The teapot is still boiling briskly in the City of Falls Church, a Northern Virginia suburb of Washington, D.C., over recent changes in the regulations governing municipal elections. By a 4-3 vote in January 2010, the then Mayor and City Council was successful in changing city elections from even-numbered years in May to odd-numbered years in November. Appropriately, the City submitted the change to the United States Department of Justice, Civil Rights Division, for review and clearance as required by the Voting Rights Act of 1965. The Department subsequently reviewed and approved the change. The result is that, during the transition years, Council-Member terms will be shortened by six months. Then, in the May 2010 election, a major shakeup in the government occurred. The new Mayor, Nader Baroukh, a former City Council member who opposed the change, along with re-elected City-Council-members who were also opponents, is making efforts to “undo” the changes and to submit the matter to the citizens of the City in a referendum. Predictably, many residents of the City are hopping mad. [Read more…] about Can a Tempest, a Tea Party Make?
On November 2, Oklahoma voters will confront a long list of state referendum items on which they may vote “yes” or “no.” Second on the list—tucked between per-student educational spending and revised term limits—is State Question 746, which proposes to amend the state’s voter identification requirements. Supporters tout the measure as a necessary and low-maintenance way to keep state elections honest. After all, we require a photo ID for any number of mundane daily transactions, like writing a check or boarding an airplane. However, a small but impassioned group of opponents argues that while seemingly harmless, in reality the voter ID requirement is the partisan enactment of a runaway legislature, and it threatens the most basic of Oklahomans’ constitutional protections.
If Oklahomans vote “yes” on State Question 746, then effective on July 1, 2011, every person appearing to vote in Oklahoma must first present (1) a state, tribal, or federal government-issued photo ID or (2) a voter identification card issued by the County Election Board. All government-issued photo IDs must have expiration dates, and must not be expired on the date of the election, except for some identity cards issued to people over 65. These requirements would apply to all in-person voting, including in-person absentee voting. [Read more…] about Getting Carded: The Debate over Voter ID Law in Oklahoma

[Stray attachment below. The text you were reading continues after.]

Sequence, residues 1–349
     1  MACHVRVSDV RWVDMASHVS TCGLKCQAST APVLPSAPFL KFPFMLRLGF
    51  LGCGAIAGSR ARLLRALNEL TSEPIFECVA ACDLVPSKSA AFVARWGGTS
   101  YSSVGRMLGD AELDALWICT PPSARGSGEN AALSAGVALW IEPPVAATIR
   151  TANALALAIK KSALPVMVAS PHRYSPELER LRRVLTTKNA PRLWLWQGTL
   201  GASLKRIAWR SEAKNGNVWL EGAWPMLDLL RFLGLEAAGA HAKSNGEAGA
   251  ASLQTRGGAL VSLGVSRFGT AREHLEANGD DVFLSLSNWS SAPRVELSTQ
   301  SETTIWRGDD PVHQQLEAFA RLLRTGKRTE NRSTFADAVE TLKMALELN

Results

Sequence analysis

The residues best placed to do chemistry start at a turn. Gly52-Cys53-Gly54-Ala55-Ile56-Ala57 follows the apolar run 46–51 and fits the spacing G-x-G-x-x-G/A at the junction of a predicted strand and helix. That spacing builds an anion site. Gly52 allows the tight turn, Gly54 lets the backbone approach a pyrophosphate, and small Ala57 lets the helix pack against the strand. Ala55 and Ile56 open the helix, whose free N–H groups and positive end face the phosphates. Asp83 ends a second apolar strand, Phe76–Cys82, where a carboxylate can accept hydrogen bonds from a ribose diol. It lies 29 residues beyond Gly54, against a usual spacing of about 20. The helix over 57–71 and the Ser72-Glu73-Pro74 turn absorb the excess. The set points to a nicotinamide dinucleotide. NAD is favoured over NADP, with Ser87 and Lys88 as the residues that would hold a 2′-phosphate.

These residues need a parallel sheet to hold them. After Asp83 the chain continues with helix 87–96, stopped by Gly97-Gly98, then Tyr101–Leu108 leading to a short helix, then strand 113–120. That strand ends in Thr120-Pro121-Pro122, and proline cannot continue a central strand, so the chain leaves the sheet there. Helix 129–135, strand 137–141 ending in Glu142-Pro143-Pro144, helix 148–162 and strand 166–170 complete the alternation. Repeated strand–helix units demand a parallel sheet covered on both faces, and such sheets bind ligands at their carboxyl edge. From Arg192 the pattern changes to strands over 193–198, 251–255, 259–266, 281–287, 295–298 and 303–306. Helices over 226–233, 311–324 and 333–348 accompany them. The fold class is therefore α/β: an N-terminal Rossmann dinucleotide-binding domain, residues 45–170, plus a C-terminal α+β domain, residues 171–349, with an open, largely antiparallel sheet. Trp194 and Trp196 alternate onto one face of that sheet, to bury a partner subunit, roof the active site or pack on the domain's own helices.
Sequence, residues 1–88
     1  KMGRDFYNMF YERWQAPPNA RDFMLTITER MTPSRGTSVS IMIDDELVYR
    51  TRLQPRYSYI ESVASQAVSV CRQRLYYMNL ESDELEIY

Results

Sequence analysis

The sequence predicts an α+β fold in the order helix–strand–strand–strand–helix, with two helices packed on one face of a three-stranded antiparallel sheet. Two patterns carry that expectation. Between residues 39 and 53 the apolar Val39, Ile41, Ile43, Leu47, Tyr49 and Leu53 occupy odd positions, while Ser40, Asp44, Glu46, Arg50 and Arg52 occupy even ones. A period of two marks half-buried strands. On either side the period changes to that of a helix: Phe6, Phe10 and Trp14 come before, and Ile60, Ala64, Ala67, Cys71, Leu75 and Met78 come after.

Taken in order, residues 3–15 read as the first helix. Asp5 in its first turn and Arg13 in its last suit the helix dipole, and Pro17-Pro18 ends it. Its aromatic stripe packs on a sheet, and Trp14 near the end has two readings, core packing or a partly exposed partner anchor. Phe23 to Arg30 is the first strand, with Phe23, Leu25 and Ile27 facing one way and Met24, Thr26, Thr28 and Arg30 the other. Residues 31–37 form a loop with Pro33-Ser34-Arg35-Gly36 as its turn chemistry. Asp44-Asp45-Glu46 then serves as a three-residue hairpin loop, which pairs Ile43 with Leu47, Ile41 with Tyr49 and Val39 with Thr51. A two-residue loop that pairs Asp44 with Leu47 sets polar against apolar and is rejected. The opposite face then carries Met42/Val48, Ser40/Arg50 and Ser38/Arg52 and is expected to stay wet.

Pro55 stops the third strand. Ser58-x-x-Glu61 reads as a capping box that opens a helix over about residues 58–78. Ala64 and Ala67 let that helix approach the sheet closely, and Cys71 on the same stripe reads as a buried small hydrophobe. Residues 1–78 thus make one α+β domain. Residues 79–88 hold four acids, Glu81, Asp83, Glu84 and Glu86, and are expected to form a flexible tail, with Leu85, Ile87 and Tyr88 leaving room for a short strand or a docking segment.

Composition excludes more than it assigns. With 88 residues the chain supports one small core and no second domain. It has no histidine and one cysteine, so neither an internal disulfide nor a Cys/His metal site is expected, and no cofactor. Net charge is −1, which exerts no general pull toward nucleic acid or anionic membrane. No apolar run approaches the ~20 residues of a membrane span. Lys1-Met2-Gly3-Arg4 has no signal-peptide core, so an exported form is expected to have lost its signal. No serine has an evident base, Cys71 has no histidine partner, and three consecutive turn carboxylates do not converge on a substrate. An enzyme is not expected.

Last Sunday, two competing editorials were published in the San Francisco Chronicle discussing two proposed redistricting bills in California, Proposition 20 and Proposition 27. Both propositions focus on changing the Congressional redistricting process. Proposition 20 would give the task to the Citizen Redistricting Commission, which already draws the lines for the legislative districts. Proposition 27 would have the Legislature do it, but impose public oversight and strict guidelines on the process. The editorials dealing with these propositions took opposite views: Daniel Lowenstein of UCLA supported Proposition 27, saying it would reduce the cost and create equal districts; Alice Huffman, president of the NAACP, argued that Proposition 20 would prevent districts from being drawn for the benefit of politicians. Both disagreed strongly with the claims in the other.
So who’s right and who’s wrong? As is usually the case, the answer is not black and white.
|Initiative proponent/Dark Lord of the Sith Tim Eyman appears in front of the Washington Secretary of State’s Office|
This past January, for the second time in two years, a bill has been filed with the Washington State legislature to amend the State Constitution, removing the provisions allowing for citizen initiatives and referendums. If passed by the state legislature, the measure would be sent to the voters for their approval at the next general election. Citizen initiatives are the process by which citizens and nongovernmental organizations can directly propose legislation. If the proposed legislature receives a certain number of signatures (a number equal to 8% of the voters in the previous gubernatorial election), the proposal is then voted on by the people of the state, completely bypassing the legislature. Referenda require fewer signatures, but the proposed legislation must still be voted on by the legislature.
The bill, proposed by state Senator Ken Jacobsen, would remove the entirety of Article II, Section 1 of the Washington Constitution, as well as other sections that acknowledge the initiative and referendum process. The initiative process is constantly being challenged by lawmakers, and this bill is just the latest debate in a long battle in a number of states, mostly in the West, where the use of initiatives is common. Proponents of citizen initiatives argue that they are vitally important to ensuring the people have a say in their own government, while opponents argue that they interfere with the functioning of the legislature and government.
The initiative process has often been seen as the purest form of direct democracy, giving the most voice to individual citizens. Tim Eyman, intuitive guru and anti-tax crusader, had harsh words for Jacobsen and his initiative, as well the sponsors of other bills that would regulate the signature-gathering and initiative-filing process. Eyman calls the bill a “legislative jihad”, and claims that Ken Jacobson “is the most honest elected official on this issue. He’s openly pushing to take our rights away from us. The sponsors of the other anti-initiative bills…hide their opposition and seek to impose unneeded, costly requirements on citizens so as to effectively repeal the initiative process with a stealth “regulate to death” strategy.” [Read more…] about The Legislature Strikes Back: Citizen Initiatives in Washington State